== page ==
Occupationally Related Lead Exposure in the General Population. A Population Study of 40-Year-Old Men.
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CitationGrandjean, Philippe, Hanne Hollnagel, and Niels Berg Olsen. 1981. “Occupationally Related Lead Exposure in the General Population. A Population Study of 40-Year-Old Men.” Scandinavian Journal of Work, Environment & Health 7 (4) (December): 298–301. doi:10.5271/sjweh.2550.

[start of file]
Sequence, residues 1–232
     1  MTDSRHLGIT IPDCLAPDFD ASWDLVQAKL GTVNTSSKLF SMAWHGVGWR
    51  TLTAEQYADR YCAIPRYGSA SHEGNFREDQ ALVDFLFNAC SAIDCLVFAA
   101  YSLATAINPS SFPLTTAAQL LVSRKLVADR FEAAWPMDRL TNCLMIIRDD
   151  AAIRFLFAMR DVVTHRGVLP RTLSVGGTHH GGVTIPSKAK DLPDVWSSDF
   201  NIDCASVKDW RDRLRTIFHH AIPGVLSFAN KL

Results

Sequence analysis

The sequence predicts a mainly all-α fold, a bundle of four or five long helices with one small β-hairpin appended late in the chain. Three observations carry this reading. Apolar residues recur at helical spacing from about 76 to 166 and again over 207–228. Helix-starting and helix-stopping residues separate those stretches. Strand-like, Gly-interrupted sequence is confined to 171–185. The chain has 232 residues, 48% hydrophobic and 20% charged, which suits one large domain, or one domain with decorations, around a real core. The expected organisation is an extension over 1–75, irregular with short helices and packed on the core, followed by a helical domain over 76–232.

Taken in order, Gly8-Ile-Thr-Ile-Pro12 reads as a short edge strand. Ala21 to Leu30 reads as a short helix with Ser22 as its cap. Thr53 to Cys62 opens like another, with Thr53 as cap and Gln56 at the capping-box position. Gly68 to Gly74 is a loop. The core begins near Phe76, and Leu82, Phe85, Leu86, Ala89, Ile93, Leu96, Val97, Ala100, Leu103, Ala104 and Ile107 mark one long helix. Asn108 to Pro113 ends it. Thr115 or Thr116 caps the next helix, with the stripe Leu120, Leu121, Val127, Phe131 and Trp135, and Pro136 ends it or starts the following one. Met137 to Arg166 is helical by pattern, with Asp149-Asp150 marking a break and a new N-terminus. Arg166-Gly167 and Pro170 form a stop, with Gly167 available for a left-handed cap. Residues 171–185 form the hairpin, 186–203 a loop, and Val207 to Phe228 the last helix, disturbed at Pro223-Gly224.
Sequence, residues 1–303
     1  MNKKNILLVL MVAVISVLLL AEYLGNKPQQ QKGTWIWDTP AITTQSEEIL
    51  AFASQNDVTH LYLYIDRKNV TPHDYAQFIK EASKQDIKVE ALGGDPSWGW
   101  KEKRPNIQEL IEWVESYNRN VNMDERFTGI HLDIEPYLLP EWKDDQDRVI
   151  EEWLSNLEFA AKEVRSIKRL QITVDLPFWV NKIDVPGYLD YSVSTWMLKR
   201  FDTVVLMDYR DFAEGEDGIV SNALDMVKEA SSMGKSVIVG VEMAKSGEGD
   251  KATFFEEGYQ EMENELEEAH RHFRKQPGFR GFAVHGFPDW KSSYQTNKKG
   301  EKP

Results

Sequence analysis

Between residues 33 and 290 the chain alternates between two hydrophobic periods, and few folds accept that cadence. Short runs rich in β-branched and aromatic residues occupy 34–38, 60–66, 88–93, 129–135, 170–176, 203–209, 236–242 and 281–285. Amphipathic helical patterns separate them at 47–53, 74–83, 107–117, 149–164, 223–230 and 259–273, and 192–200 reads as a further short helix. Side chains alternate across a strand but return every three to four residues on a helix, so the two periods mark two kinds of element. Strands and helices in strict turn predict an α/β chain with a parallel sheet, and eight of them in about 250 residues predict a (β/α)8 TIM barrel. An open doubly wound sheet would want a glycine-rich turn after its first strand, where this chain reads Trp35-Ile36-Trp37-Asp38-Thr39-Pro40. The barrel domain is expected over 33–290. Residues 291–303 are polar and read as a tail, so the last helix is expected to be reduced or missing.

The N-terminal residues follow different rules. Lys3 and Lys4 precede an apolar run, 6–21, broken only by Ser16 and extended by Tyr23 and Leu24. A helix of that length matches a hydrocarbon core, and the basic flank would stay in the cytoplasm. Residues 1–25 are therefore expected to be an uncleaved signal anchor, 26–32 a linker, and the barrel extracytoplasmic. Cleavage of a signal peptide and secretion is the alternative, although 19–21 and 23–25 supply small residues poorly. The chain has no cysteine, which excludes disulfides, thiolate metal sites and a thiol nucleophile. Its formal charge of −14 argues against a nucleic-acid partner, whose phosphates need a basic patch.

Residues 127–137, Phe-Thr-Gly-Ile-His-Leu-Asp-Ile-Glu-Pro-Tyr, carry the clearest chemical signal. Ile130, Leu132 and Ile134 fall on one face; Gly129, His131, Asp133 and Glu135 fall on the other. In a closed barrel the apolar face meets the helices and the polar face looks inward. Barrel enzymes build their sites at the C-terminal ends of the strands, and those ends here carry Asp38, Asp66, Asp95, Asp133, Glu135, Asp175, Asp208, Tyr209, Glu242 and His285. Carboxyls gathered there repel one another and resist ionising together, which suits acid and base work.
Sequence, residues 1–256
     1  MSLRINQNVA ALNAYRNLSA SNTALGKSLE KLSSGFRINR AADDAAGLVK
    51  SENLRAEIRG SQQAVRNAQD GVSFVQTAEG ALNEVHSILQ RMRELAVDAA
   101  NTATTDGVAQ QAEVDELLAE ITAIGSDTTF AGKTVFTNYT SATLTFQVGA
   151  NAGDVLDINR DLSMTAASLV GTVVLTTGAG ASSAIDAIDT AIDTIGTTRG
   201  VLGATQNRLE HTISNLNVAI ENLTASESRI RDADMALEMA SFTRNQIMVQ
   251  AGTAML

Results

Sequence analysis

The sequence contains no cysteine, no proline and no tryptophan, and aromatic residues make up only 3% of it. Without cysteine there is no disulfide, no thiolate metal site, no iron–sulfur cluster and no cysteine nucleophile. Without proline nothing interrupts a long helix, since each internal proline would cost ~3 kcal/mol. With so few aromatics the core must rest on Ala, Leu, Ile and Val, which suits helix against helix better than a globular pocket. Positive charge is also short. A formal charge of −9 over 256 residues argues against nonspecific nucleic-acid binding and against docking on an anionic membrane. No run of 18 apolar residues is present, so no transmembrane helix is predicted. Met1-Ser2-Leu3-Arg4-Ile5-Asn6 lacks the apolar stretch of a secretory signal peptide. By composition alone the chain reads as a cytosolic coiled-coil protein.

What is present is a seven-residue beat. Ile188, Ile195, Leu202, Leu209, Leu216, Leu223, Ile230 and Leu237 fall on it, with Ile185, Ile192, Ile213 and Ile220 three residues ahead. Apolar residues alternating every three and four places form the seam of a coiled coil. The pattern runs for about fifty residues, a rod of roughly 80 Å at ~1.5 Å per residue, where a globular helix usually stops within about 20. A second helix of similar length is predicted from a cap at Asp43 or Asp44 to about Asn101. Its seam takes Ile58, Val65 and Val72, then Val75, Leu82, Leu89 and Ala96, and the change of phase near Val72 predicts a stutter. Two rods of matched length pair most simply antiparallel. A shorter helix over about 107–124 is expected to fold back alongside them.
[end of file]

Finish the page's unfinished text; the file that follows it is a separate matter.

AbstractEighty-eight percent of all 40-year-old male residents of four suburban municipalities of Copenhagen County were examined for the lead concentration in their blood and interviewed regarding job category and place of work. Of the 504 men, 482 were currently employed, 18 were unemployed, and 4 were pensioners. The total median blood lead level was 13 micrograms/100 ml (0.6 µmol/l). Men employed in construction, industrial production, and transportation had the highest lead levels, while very low concentrations were found among pensioners and farmers. Blue-collar works had higher blood lead results than white-collar workers. Very high levels were found in two men employed at a secondary lead smelter, but otherwise increases in lead concentrations were comparatively small. However, the occupationally related, increased blood lead levels identified in this population contributed significantly to normal "background" levels.
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